To investigate whether sera from HIV-1-positive (+) individuals can contain sufficient levels of gp120 immune complexes to sensitize moDC for CD40L-mediated apoptosis, we next treated moDC with HIV-1(+) sera containing high viral copy numbers (>400,000/ml) (Table S1). In order to eliminate the effect of other soluble immune factors, the sera were first centrifuged through filters with a cut-off point of 100 kDa and the >100 kDa fractions were collected and reconstituted to the original volume with fresh medium before use, as described [27]. After 3 d co-culture with autologous activated CD4 T cells, the HIV-1(+) sera-treated moDC were identified as a smaller-sized population than the control moDC, and they were CD3(−) (Fig. S7). These cells were then subjected to TUNEL assays with flow cytometric analysis to evaluate terminal deoxynucleotidyl transferase (TdT) expression as a measure of apoptosis. This confirmed that HIV(+) serum-pulsed moDC had undergone remarkable apoptosis (~50%, Fig. 3A), and that this could be substantially inhibited by pre-treatment with anti-DC-SIGN mAbs (Fig. 3A–B) or anti-CD40L mAbs (Fig. 3B). Furthermore, excessive apoptosis of moDC was effectively prevented after removal of gp120 from the HIV-1(+) sera by immunoprecipitation (IP) (Fig. 3A–B), under conditions that also depleted virions from cultures of live virus (Fig. S8). Similar results were obtained following co-culture of HIV-1(+) serum-treated moDC with CD40L Tf cells, and further confirmed that CD4 and chemokine receptors were not involved in sensitization for apoptosis (Fig. 3C–D). Therefore, HIV-1(+) sera may contain sufficient levels of immune complexed and/or virion-bound gp120 to sensitize moDC for CD40/CD40L-mediated apoptosis.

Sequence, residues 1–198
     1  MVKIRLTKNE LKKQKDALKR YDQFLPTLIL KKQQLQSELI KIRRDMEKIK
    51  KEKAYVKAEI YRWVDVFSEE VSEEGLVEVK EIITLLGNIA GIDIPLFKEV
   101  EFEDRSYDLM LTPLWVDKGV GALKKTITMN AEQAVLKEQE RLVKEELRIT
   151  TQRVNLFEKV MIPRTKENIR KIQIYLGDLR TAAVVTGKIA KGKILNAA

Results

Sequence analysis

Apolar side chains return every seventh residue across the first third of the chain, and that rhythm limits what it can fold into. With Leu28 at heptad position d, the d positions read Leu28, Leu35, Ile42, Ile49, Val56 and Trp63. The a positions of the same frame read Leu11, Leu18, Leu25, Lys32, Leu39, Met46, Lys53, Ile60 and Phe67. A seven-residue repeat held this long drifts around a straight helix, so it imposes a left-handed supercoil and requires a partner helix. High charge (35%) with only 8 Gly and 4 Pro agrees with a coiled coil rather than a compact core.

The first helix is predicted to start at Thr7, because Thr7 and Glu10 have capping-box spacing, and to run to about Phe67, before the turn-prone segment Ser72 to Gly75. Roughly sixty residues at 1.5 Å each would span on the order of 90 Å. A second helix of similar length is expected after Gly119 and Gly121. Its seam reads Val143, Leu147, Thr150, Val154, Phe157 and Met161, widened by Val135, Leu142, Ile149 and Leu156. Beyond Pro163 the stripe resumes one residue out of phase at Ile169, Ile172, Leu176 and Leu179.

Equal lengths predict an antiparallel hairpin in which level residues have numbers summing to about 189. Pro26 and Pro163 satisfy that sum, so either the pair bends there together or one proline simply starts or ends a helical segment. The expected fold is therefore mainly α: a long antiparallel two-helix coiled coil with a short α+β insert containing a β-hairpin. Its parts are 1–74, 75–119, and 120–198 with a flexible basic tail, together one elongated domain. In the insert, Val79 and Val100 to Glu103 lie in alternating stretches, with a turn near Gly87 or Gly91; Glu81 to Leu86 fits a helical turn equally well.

Figure 3. Sera from HIV-1(+) individuals can sensitize moDC for DC-SIGN dependent CD40L-mediated apoptosis.

(A) moDC were treated with HIV(+) serum before or after immunoprecipitation (IP) with anti-gp120 mAbs, or with or without anti-DC-SIGN or isotype control mAbs, and subsequently co-cultured with autologous activated CD4 T cells. After 3 d, cells were harvested and subjected to TUNEL assays. Cell death was assessed as the percentage of cells expressing terminal deoxynucleotidyl transferase (TdT). DC pulsed with HIV(+) serum without coculture with activated CD4 T cells (top panel) were also used as a control. Data are representative of 4 experiments. (B) MoDCs were treated with anti-DC-SIGN mAbs, isotype control Ab, or anti-CD40L mAb before pulse with HIV serum (before or after immunoprecipitation of gp120) and cocultured with activated CD4 T cells. Data are expressed as mean ± SD (n = 4); *p<0.05 and **p<0.01 compared with ‘HIV(+) serum-DC plus isotype Ab’. (C,D) moDC were treated with normal AB serum or HIV-1(+) serum with viral RNA copies >400,000/ml (Table S1), with or without pre-treatment with anti-CD4 plus chemokine receptor or anti-DC-SIGN mAbs, or with gp120-depleted (immunoprecipitated, IP) HIV(+) serum, and co-cultured with CD40L Tf for 3 d. Data are representative of 4 experiments in panel C and individual datum with the mean is shown in panel D; †: P<0.001 between with and without IP of gp120 from the HIV serum, **: P<0.01 between with and without pre-treatment with anti-DC-SIGN mAbs.